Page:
Simply Obsessed:produced by Carillon LLC

Offbeat Wajima Lacquerware to Benefit Today’s Users -1

ISHIKAWA – What if it rains all day, every day? Wouldn’t you feel depressed? But to those who live in regions of abundant rainfall, cloudy weather might be better than clear, sunny skies. “It rains so much here that little children say sunlight is too blinding,” said Junko Kirimoto, who came to Wajima, Ishikawa Prefecture, 27 years ago. She came to this rainy town to marry the owner of a local lacquer factory. Wajima is located at the end of a peninsula that faces the sea. A lot of rain brings humidity, and the moisture is indispensable to the development of traditional lacquerware called “Wajima-nuri.


Usually, dryness and humidity are considered opposites. But the Japanese lacquer called “urushi” is the only paint coating agent that solidifies with moisture. Urushi is the sap of a tree. In Wajima-nuri lacquer techniques, craftsmen meticulously coat shaped wood with dozens of layers of urushi lacquer. It seems an endless repetition of painting and drying. It thus requires time and tremendous patience. Once it is done, the product is resistant to water, acids and alkalis. Its lacquer coating gives it luster, and makes Wajima-nuri tableware feel gentle to the hands and lips.

For standard Japanese consumers, Wajima-nuri lacquerware is ultra-high grade. The dishes, bowls and cups are wrapped with thin silk cloth and stowed away in the back of a cupboard. The lacquerware is used only once or twice a year on special occasions, with maximum attention paid to their care. Although the object we have taken out is a bowl, we might wonder if we are even allowed to serve miso soup in it, which seems like putting the cart before the horse. But many people in Japan probably get nervous when it comes to practically using Wajima-nuri products.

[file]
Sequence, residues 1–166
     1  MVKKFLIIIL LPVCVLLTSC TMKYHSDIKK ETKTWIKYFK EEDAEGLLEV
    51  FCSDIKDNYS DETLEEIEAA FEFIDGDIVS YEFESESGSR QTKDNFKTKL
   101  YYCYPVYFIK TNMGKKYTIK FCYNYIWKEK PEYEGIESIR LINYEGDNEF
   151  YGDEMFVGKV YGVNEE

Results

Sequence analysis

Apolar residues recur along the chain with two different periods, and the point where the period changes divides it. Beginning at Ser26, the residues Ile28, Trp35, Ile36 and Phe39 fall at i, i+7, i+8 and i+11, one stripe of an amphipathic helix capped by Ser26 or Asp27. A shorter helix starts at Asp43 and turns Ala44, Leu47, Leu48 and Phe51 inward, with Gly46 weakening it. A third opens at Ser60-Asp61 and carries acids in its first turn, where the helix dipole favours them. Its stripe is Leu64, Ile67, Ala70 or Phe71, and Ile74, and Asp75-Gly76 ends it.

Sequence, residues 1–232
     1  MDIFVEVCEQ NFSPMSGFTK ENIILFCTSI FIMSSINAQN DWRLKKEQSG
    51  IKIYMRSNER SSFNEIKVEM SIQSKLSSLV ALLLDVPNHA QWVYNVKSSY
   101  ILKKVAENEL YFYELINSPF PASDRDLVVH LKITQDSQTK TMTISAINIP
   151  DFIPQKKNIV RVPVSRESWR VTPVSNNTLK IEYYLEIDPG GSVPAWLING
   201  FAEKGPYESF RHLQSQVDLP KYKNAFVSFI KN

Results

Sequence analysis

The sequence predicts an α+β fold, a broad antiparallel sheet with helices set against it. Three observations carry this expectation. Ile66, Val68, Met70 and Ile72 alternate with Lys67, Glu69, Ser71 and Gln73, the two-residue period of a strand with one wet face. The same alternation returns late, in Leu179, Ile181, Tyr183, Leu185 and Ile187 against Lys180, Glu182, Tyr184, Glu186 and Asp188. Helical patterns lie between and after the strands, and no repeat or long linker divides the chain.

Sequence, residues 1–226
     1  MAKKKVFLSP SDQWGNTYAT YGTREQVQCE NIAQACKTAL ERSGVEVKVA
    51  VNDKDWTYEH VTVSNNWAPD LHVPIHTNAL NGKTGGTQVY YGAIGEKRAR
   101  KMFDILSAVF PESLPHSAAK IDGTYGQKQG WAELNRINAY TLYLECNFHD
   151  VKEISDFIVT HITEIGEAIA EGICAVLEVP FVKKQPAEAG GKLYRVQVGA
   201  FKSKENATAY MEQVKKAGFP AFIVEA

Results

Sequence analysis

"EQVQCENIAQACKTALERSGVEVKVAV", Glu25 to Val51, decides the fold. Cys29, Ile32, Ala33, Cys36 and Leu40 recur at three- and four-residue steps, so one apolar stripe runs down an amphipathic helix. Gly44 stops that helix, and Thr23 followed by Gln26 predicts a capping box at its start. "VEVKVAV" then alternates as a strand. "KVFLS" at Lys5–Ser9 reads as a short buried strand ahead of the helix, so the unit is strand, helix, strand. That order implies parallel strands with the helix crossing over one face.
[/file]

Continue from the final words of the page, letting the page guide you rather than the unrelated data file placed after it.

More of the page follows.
When asked how carefully we should handle Wajima-nuri lacquer products, Taiichi Kirimoro said, “You should wash Wajima-nuri tableware with a lot of water, just as you wash other regular dishes. Splashes of water sustain the moisture in the lacquer coating, increasing the luster.” Taiichi, Junko’s husband, is the seventh-generation owner of Wajima Kirimoto, a lacquer factory which started more than 200 years ago in this small town. In their home, they use Wajima-nuri lacquerware made more than 100 years ago on a daily basis.



Standard Wajima-nuri lacquerware is shiny and smooth as a result of repeated coating. Orange-red and black are the main traditional colors. Some bowls and chopsticks have a gold leaf design on the surface unique to the Wajima-nuri style. There are many Waijma-nuri lacquerware stores in this town, but many of the products sold here look almost the same.

In such a traditional industry, a new challenge is being laid down. Offbeat, stylish Wajima-nuri lacquer techniques are being commercialized by Taiichi’s company. According to Taiichi, who was born at a Wajima-nuri lacquerware production factory and has been involved in the industry for more than 30 years, steel cutlery is not the ally of traditional products. Such cutlery damages lacquerware by scratching the surface. It goes without saying that steel is stronger than solidified lacquer. Once the surface is damaged, the dish or bowl will degrade rapidly.

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